4.  Oussama Khatib, director of Stanford Robotics Lab, recently gave a fascinating introductory talk on various aspects of human-robot collaboration.  

    5.  Mitsubishi Heavy Industries has unveiled a pair of firefighting robots designed to assist humans in fire-fighting missions.

    Read more »
  • 9 of the Dullest, Dirtiest & Most Danger-Loving Robots!

    In appreciation of all the boredom, ill health and danger that robots have spared us, come celebrate 9 of the dullest, dirtiest, and most danger-loving robots around...

     They are the Three Ds of Robotics: the dull, the dirty, and the dangerous.  These are the tasks that humans can't, won't or would rather not do, from repetitive industrial and manufacturing tasks through medical cleaning to being hurled in the general direction of interstellar space.  

    So, in appreciation of all the boredom, ill health and danger that robots have spared us, let's celebrate 9 of the best! 


    The Dull

    Repeatability, accuracy, endurance.  These qualities make for dull, reliable and highly-successful robots.

    The Patient Paint Inspection Bot  

    1.  If you think watching paint dry is a bit boring, spare a thought for the world's paint inspection robots, who spend their days and nights tirelessly searching for drips, runs, and other imperfections on painted surfaces.  

    Paint-DiscontinuitiesTypical paint  and surface defects. Credit: Elcometer USA

    Particularly popular in the automotive and aerospace sectors (but also important to storage tank manufacturers and others), these bots free humans to work on solving --rather than finding-- paint-related problems.

    Micro-Epsilon's reflectCONTROL PSS 8005.D automated paint inspection robot is specially designed for inspecting large objects.  Four of these bots, placed on either side of a car shell is able to perform a complete surface inspection in just 60 seconds.  This bot has been around for over a decade and this model must have inspected hundreds of thousands of car shell paint jobs in that time.  That's a lot of dull human labor eliminated.

    Watch this highly-efficient, but very dull robot in action...   


    See also: 

    2. The Tedious Thermal Spraying Robot 

    Thermal spraying can be tedious and time-consuming work. 

    Credit:  The Fabricator

    The repetitive nature of the task isn't the only challenge though: a range of hazards from high temperatures, toxic gases, blinding light, poisonous metallic dust, and elevated radiation levels combine to make spray rooms places you don't want to be unless you're kitted out with the best safety equipment available.  And even then, you would probably prefer to be on a beach.  (With suncream on.) Or engaged on a higher-level task. 

    The UR10 collaborative robot from Universal Robots doesn't care about any of that stuff.  More than three years in continuous operation, this focused and dedicated cobot has been working at Aircraft Tooling Inc. without once fantasizing about going on vacation or taking on more interesting challenges.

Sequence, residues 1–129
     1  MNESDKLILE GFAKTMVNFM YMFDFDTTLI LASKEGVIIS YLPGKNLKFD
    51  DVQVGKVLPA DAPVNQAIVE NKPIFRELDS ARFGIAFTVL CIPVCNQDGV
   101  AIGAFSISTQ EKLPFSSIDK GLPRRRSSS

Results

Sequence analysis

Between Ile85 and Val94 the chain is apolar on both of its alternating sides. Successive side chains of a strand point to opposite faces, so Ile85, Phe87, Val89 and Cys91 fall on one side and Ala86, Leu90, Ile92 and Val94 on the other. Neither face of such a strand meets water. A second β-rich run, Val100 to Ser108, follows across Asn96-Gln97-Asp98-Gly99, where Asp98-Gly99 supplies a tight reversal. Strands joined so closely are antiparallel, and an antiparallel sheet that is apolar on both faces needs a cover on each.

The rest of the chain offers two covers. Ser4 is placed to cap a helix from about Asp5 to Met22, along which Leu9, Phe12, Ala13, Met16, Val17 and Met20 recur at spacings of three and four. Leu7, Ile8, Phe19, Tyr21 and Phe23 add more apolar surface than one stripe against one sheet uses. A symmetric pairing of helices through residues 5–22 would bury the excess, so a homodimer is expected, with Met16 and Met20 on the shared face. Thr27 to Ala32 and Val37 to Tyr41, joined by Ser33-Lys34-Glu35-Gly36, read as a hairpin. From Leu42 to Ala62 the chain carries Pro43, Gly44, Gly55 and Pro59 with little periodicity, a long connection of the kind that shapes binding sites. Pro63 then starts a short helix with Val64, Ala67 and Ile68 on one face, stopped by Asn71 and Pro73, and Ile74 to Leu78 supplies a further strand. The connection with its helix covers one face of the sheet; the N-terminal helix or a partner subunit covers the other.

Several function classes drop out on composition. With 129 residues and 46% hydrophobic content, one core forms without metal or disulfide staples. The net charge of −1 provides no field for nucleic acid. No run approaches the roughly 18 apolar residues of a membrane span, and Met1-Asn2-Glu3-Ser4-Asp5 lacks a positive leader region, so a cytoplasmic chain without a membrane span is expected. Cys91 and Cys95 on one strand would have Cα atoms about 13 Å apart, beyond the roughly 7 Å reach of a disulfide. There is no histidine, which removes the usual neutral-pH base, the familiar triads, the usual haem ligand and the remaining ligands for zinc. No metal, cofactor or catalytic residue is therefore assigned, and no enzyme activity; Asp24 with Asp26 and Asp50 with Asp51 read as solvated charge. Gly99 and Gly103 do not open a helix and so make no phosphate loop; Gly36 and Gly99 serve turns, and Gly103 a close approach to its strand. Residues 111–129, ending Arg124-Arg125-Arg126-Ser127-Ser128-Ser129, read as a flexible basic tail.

See also:

    3. The Repetitive Testing Bot 

    There's no way to hide it, some tasks are extremely dull, repetitive and unfulfilling. 

    Credit: SHORPY

    How about inspecting the temperature of frozen peas all day?  Or 12 hour shifts where your only job is to squeeze plastic milk bottles to see if they leak?  Or having a job that consists of nothing except slicing 50lb (23kg) slabs of cheese into four parts?  (Source: BBC, "Some of the world's most boring jobs.")

    Thankfully, robots have not discovered how to experience boredom, so they don't mind performing tasks many humans would find mind-numbing, such as testing the same part over and over.  Some bots, like Ford's 'Robutt' perform tasks so tedious and time-consuming that they are beyond human capabilities.  Instead of having a human durability testing worker put a car seat through a decade's worth of regular wear and tear by sitting down on it 25,000 times, Robutt does all the work.   


    Ford Europe revealed that Robutt received an update in early 2019 so that it can now able to simulate a sweaty butt.  If Robutt keeps expanding its repertoire like this, it won't be on this list of dull robots for long, so enjoy it while you can! 

    See also:

    The Dirty

    These robots take 'getting your hands dirty' to a whole new level, so you don't have to.

    4. The Sewer Bot

    From Pittsburgh to Zurich, robots are used for inspection and repair of sewer systems.  Overcoming frightening 'fatbergs,' cigarette butt canyons and diabolical diaperscapes, these bots can force their way through a wide variety of debris from liquid waste to concrete, sparing humans the unpleasant --and often extremely dangerous-- job of doing it ourselves. 

    A section of the infamous, 130-ton Whitechapel fatberg.  Credit: Thames Water

    Some sewer robots, like the Bandicoot, from Kerala, India-based startup Genrobotics, can also detect levels of toxic gases in sewer systems, a crucially important feature in a country where an estimated 1,600 people have died tragically between 2014 and 2018 while cleaning sewers and septic tanks.